Independent Student Newspaper for the University of Texas at San Antonio

The Paisano

Independent Student Newspaper for the University of Texas at San Antonio

The Paisano

Independent Student Newspaper for the University of Texas at San Antonio

The Paisano

Life on the road: the miles traveled and the stories in between


As I gazed out the hotel window on the 32nd floor of the Renaissance on 35th in Midtown Manhattan, holding a well-mixed vieux carré on my day off halfway through my east-coast tour, I had no clue that a week and a half later I would be wiping sweat and oil from my brow in humidity-ridden Crowley, Louisiana with my van in flames behind me.

The arduous labor of love that is organizing and running through a tour comes with a mixed bag of highs and lows. Months of planning, emailing, compromising, budgeting, van prepping and practicing materialize into a journey that only lasts a fraction of the time spent planning it.

Thus the tour begins, your hometown left behind and three weeks of the hum of the road, cheap food, raw smells and ringing ears on the horizon. DIY touring is not for the faint of heart; if you’re expecting comfortable hotels and after parties every night, you should turn the van around and hang it up. If you’re up for a challenge and a true bonding experience, hop in the van and let’s go.


Each day’s drive ends with a 30-to-45-minute performance in someone’s blisteringly hot basement, a hole-in-the-wall bar, a safe space or the occasional crowded living room.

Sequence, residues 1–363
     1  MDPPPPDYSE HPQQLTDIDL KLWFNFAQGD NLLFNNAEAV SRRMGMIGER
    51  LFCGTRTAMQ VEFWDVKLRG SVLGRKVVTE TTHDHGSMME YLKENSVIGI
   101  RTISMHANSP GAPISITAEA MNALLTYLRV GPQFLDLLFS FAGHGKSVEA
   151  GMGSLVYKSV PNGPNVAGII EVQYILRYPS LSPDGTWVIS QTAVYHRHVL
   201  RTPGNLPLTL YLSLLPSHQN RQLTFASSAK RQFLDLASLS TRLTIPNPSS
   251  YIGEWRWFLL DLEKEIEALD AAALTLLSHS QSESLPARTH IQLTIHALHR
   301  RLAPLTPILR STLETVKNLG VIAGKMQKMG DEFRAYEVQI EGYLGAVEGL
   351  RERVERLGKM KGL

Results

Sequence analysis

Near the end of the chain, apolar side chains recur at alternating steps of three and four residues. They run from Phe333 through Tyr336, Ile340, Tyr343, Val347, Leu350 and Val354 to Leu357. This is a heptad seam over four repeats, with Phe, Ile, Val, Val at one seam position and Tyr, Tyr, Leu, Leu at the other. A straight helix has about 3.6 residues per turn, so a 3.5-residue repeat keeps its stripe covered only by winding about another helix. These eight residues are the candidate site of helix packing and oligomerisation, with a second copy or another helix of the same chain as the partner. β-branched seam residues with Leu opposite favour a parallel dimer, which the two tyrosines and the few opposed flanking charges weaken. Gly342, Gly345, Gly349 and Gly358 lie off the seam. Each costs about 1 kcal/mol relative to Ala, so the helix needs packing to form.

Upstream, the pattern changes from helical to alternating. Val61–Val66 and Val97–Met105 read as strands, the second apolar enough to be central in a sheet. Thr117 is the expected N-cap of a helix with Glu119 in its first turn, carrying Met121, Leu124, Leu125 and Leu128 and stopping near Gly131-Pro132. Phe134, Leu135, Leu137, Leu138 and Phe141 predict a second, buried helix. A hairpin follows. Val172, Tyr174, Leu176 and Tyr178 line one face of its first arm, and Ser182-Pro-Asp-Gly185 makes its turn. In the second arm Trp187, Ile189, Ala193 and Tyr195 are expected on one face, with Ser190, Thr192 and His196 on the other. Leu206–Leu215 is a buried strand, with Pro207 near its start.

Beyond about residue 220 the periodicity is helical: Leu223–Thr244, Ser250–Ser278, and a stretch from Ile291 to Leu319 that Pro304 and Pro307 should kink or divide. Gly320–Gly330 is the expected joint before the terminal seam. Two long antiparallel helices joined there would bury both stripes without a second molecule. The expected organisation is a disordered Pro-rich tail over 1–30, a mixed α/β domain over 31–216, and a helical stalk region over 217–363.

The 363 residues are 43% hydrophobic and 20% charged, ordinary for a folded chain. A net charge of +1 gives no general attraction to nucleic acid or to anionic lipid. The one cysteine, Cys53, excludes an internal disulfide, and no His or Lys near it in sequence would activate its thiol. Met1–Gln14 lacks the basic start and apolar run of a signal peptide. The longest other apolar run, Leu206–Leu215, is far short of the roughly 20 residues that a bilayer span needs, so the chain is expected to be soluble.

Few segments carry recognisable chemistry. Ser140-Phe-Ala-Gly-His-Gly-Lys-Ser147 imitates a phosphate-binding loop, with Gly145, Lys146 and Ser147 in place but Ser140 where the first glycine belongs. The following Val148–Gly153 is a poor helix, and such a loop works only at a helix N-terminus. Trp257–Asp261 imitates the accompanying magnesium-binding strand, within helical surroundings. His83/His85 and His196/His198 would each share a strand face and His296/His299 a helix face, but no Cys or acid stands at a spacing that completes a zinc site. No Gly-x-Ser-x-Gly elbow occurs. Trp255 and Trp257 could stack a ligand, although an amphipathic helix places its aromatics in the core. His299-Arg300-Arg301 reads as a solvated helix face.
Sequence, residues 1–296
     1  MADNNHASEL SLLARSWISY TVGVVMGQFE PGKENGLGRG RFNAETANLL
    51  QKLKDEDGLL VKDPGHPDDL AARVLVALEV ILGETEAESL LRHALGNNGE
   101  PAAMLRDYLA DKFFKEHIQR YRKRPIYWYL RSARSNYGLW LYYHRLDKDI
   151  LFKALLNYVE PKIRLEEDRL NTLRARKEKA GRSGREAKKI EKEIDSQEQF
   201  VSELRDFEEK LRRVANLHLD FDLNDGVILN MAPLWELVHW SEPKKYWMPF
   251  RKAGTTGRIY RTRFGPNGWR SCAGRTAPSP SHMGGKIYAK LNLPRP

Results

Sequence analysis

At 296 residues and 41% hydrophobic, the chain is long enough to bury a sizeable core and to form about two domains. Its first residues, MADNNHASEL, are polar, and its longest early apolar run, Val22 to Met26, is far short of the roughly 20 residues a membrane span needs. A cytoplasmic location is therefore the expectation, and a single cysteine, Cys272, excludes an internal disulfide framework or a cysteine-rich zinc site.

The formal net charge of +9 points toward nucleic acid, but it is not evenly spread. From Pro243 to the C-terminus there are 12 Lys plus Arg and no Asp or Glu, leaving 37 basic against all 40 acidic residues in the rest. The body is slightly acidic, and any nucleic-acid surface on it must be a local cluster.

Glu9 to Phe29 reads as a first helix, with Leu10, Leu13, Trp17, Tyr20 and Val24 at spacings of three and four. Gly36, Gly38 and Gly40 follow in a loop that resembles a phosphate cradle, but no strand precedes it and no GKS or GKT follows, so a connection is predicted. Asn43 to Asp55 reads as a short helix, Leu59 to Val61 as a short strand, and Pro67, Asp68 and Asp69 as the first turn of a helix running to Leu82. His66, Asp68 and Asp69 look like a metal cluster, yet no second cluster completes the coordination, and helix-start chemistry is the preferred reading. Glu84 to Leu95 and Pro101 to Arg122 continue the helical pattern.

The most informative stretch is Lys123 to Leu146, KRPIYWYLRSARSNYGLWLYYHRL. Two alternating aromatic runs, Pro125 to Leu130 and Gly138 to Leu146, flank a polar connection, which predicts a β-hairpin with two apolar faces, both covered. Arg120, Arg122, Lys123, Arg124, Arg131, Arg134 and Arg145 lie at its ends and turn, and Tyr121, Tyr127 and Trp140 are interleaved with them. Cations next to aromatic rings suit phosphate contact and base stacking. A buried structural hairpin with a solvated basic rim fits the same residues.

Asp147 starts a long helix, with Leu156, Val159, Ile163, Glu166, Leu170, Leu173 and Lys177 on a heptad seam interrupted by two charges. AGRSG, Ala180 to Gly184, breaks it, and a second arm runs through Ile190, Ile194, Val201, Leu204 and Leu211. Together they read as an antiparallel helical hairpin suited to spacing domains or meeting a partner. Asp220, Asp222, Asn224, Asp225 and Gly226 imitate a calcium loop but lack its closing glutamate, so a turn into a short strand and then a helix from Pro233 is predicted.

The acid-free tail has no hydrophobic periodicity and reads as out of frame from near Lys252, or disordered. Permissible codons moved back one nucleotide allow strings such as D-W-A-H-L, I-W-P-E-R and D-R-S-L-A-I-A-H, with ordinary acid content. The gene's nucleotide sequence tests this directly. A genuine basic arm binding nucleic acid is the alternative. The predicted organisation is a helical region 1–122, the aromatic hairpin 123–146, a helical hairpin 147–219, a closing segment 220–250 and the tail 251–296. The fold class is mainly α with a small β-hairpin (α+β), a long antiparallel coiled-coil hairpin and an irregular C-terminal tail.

The shows blur by, but they make the traveling, horrible cuisine and heavy lifting of the day worth every mile traveled.

Post-set activities include loading the van back up while drenched in sweat, making new friends who won’t remember your name after that night and trading cassettes for a place to sleep.

The nights are usually late, spent laughing with friends you don’t see often and sharing fast-food leftovers and personal stories, usually culminating in uncomfortable sleeping situations. Sleep doesn’t last long, and it shouldn’t unless you want to miss out on something.

Each day begins early, with a four-to-14 hour drive to the next city, bags under your eyes and wearing the same t-shirt you’ve had on for three days.

As difficult or uncomfortable as it sounds, the times I’ve had on the road have been some of the happiest moments in my short 23 years on earth.

Whether it’s finding yourself in a drunken haze in Brooklyn talking to strangers, playing in front of a packed venue or an empty basement or in a tow truck bound for the nearest town in the middle of nowhere, no experience is like touring.

If one thing can be said about tour, it is that bonds are made stronger whether it’s the bond between yourself and your band mates, sharing blankets in a cold basement in Salt Lake City in the middle of winter; the bond between the Facebook friends who finally become tangible, real people; or the bond fans share with your music. I’m not sure where my next tour will take me this summer, but I do know I count the days until I grip the leather of my rusted ’05 Ford tour van. See you on the road.

Haunter is a progressive black/death metal outfit based out of San Anto, Tejas. Upon releasing their debut album “Thrinodia” (released by Red River Family Records) in 2016, the San Antonio trio successfully completed two lengthy tours to the west and east coast in support of the release. In 2017, the band will release their new LP, spend two weeks in Europe during the summer, and have a fall tour of the U.S. to the Pacific Northwest. “Thrinodia” can be streamed/downloaded/purchased in cassette format at

IG: hauntertx


Photos courtesy of Enrique Bonilla.

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